Changing business priorities drive cloud UC adoption
The demand for flexible systems and collaboration tools is helping drive UCaaS adoption across all market segments. However, business size is playing a role.
Organizations of all sizes are making the leap from on-premises PBXes to cloud communications as changing business priorities are driving demand for advanced collaboration capabilities and cloud services that can support mobile workers.
While small and midsize businesses have been the quickest to adopt unified communications as a service (UCaaS) and make up the majority of cloud UC users, enterprise adoption of UCaaS has increased substantially, according to a report from Synergy Research Group.
The number of enterprise UCaaS subscribers grew by 57% in 2018, according to the report. In the past, many enterprise organizations favored on-premises PBXes for the level of control and customization they offered. According to Frost & Sullivan Inc. analyst Elka Popova, the demand for flexible delivery models that provide advanced communication features, as well as mobile and integration capabilities, is now driving enterprises to adopt UCaaS.
"The growing number of remote and mobile workers, the influx of millennials into the workforce and the simultaneous globalization and localization of business are creating strong demand for cloud services that deliver operational efficiencies, productivity benefits and a competitive edge," Popova said.
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The factors driving cloud UC adoption
The changing nature of business is a driving force for much of the growth in UCaaS adoption across all business segments. A survey from Frost & Sullivan found that businesses are adopting UCaaS for reasons including easier management for IT, better security, increased focus on the core business, support for remote and mobile workers, and cost-effective scalability.
Jeremy Dukechief analyst and research director, Synergy Research Group
While some enterprises will stay with an on-premises PBX to meet specific industry requirements, the UCaaS market is expected to maintain double-digit growth through 2024, according to Popova.
The enterprise UCaaS market segment was traditionally underserved due to product immaturity, but UCaaS vendors today are able to offer the more mature services that enterprises need, according to Jeremy Duke, president and analyst at Synergy Research Group.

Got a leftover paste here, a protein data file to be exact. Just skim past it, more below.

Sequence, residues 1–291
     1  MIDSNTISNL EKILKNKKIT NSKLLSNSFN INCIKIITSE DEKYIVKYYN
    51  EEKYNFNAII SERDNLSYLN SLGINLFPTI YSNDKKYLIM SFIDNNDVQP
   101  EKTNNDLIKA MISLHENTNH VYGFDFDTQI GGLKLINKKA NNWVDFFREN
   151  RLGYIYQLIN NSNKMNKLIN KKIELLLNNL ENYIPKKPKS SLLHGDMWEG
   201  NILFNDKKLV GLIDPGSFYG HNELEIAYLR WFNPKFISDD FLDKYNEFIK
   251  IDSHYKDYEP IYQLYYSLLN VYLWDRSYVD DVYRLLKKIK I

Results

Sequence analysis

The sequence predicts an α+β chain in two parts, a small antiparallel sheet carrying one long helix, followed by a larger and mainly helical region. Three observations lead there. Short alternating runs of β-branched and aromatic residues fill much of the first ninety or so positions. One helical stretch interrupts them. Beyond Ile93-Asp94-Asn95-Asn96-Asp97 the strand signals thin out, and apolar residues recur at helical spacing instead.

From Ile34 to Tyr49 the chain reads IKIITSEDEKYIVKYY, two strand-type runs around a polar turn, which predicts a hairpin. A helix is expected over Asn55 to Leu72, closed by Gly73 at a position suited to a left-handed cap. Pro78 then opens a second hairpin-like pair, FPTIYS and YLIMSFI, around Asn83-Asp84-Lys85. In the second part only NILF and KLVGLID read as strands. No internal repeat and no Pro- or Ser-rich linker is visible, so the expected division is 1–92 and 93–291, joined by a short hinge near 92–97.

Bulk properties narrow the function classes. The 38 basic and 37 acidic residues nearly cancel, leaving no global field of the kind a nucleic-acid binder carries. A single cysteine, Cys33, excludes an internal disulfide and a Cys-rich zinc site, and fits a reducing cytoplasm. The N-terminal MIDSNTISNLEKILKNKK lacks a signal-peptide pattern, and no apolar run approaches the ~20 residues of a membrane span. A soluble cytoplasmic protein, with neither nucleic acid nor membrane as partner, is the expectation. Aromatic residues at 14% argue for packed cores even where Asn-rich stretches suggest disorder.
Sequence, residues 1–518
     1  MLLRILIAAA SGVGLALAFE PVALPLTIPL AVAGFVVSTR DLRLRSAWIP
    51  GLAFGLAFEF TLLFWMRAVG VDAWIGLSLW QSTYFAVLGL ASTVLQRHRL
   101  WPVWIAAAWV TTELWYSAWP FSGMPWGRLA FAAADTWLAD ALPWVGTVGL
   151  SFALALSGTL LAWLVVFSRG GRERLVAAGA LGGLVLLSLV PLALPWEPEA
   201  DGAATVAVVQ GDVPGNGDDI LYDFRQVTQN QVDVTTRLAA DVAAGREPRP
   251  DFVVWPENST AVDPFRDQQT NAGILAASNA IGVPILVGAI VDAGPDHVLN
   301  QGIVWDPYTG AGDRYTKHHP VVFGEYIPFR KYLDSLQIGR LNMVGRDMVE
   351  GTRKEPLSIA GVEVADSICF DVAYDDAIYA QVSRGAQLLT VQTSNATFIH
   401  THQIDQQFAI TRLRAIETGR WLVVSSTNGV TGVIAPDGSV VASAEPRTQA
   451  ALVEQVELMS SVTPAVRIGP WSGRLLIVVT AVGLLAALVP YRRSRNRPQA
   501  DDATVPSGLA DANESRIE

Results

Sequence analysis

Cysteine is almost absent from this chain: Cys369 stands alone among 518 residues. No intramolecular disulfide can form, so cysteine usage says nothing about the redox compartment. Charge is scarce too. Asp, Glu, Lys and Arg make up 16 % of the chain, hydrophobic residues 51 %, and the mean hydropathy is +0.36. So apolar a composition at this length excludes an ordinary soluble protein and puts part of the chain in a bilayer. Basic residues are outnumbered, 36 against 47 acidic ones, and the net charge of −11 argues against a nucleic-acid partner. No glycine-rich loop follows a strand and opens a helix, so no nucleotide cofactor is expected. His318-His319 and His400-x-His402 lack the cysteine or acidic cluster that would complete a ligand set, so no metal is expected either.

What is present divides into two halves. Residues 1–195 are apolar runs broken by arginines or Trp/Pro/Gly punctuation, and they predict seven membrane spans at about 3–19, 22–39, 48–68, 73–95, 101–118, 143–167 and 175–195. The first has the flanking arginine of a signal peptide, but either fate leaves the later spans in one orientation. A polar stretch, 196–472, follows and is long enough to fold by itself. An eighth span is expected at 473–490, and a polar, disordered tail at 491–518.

"Most of the traditional PBX vendors are falling behind in terms of providing the enterprise with productivity and collaboration tools, so UCaaS players are filling that hole," he said.
Many cloud UC vendor offerings include highly sought after features such as video calling, chat, contact centers, reporting and analytics, and mobility. These features give UCaaS an edge in optimization and collaboration that a traditional PBX can struggle to provide.
The Frost & Sullivan survey also revealed that organizations place value on capabilities such as service reliability, collaboration tools, security and interoperability with third-party offerings. UCaaS vendors have responded to demand by investing in more tools and features, as well as better interoperability to enable customers to remain with one vendor for all of their UC needs.
Breaking down the cloud UC vendor landscape
While UCaaS adoption is growing across businesses of all sizes, the leading vendors vary by business size. According to the Synergy report, Mitel Networks Corp. is the most popular vendor among small businesses with fewer than 100 employees.
Mitel's acquisition of ShoreTel helped expand its reach in the UCaaS market by combining the two platforms and allowing Mitel to capitalize on ShoreTel's hybrid approach to UC by making use of the existing infrastructure. Duke said Mitel was able to lead in the small business market because its competitors, including RingCentral Inc. and 8x8 Inc., were focusing their attention on midsize organizations with between 100 and 999 employees.
The top vendors for enterprises with more than 1,000 employees are Fuze Inc., RingCentral, 8x8 and Mitel, with Fuze leading the pack. Duke said Fuze was one of the first UCaaS providers to target larger enterprises and advance its offering -- including team collaboration, contact centers and analytics -- much more quickly than other vendors in the market.
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